New App Features Le Moyne Emojis Thanks to Start Fast Venture

Rachel Chea

More stories from Rachel Chea

The Single Life
March 23, 2017

This past summer Le Moyne welcomed the StartFast Venture Accelerator program to their new permanent home at the Madden School of Business. The No. 1 business accelerator in Upstate New York accepted five out of the 2,000 startup companies that applied for this summer’s program.

These entrepreneurs “occupied the Madden School for the whole summer; from right after graduation up until everybody started coming back in August,” said the Dean of the Madden School, Jim Joseph.

One pair of entrepreneurs was CEO Shuai Payne and his CTO Michael Moore, who are co-founders of the Mogee App.

Mogee is a keyboard app, filled with different kinds of animated moving emojis [commonly known as gifs]. The app is available for free download in the Apple and Android app stores, and is available for use on existing messaging programs. However, Payne says it is optimized for iMessage and Google hangouts.

Payne, who grew up in Jamesville-Dewitt, graduated from Syracuse University in 2008 where he majored in accounting, management, finance, and supply chain management. After working and gaining experience in the business and financial worlds, Payne taught himself how to code and hasn’t looked back since.

Payne’s CTO and co-founder, Moore, works remotely from his home in North Carolina, but has been coding since he was 12-years-old.

“About two years ago, I realized the boom in contextual, visual communication [and] the popularization of gifs,” said Payne. “[I] Recognized that we are now in a content age, [where] content drives the future and to be successful in the future you need to own content or own a pipeline that distributes content.”

With his business background, he realized there was a big opportunity for him in this market. And just like that,  Mogee was born as a content platform that Payne says enhances communication.

Mogee comes with a default library, as well as its own store where users can download different packs. With assistance from Le Moyne intern Liz Peters this summer and in cooperation with Le Moyne, Mogee created a Le Moyne package of five emojis available for download..

Peters [a senior Marketing, Management and Human Resources major] worked with StartFast as a marketing intern over the summer, lending assistance to all five companies. Her duties ranged from brainstorming, to social media, and coming up with conceptual ideas to direct involvement in projects.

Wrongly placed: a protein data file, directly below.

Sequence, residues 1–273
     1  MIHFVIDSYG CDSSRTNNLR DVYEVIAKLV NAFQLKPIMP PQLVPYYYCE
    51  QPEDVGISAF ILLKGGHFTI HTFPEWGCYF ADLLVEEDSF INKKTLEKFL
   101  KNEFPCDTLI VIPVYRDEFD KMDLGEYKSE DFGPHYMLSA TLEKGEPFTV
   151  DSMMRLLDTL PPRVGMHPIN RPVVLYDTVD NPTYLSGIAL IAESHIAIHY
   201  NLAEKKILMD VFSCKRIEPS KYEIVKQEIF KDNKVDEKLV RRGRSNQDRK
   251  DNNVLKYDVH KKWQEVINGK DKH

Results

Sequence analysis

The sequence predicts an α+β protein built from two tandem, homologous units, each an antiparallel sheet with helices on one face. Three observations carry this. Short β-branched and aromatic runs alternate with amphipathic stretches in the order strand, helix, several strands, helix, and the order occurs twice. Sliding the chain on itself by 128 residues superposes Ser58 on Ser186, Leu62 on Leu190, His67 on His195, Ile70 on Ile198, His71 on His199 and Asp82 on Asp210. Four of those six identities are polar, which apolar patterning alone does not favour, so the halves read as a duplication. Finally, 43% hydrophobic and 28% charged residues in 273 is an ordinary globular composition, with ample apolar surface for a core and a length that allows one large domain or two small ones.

When Peters was approached about coming up with a Le Moyne pack for Mogee, she said she basically had free range of what she could do. She focused on aspects such as our mascot, graduation, and Dolphy Day.

“I tried to capture the Le Moyne culture in a moving image,” said Peters. “I thought about what makes Le Moyne uniquely different from other colleges, who will potentially be using this app and created them that way.”

Mogee focuses on concise non-verbal communication, with their focal target audience being the college demographic. The company would eventually like to connect more with colleges, and also some of the brands they love.

Mogee currently has its base in Syracuse. However, they are contemplating relocating to Ithaca, New York City or California. In California, Mogee is looking at either Los Angeles or San Francisco because there are a lot of potential investors for this type of business. Jim Joseph however, along with many others, is trying to get Mogee to remain in Syracuse.

So the big question is: What will make them stay?

Simply put, it all comes down to resources, which includes finding talent to work for them. Payne currently stated that at Mogee, they have three main needs. They are searching for talent in the areas of illustration as well as development, which includes coding. Additionally, Mogee is looking for those interested in advertising and marketing, as they are in need of brand and content consultants.

“We need to consult the brand on how to make content for them, to make advertising more subtle through emojis,” said Payne. “Putting recognizable brands in emojis [is] a way for brands to be naturally a part of conversation in a way that’s non-intrusive. People hate advertising but love their favorite brands.”

When looking for talent, Payne expressed that he looks at three main things: a person’s velocity in terms of how fast they are able to learn, adapt, and how driven they are.

Employees and interns can even work remotely. In fact, Payne says the company has interns from Cornell, one at Trinity College and one in high school. For him, your background in terms of what you studied doesn’t matter. What does matter is how talented someone is, if he or she can contribute to our three areas of need and work independently.

“No one will have the required skill set for what we’re doing because we’re doing it for the first time; but I need someone who is willing to learn, to work hard and able to find the answer to unknown questions,” Payne stated.

At the end of the month Mogee will make a decision about their permanent location.


If you have any questions or are interested in working with Mogee, contact Shuai Payne at shuai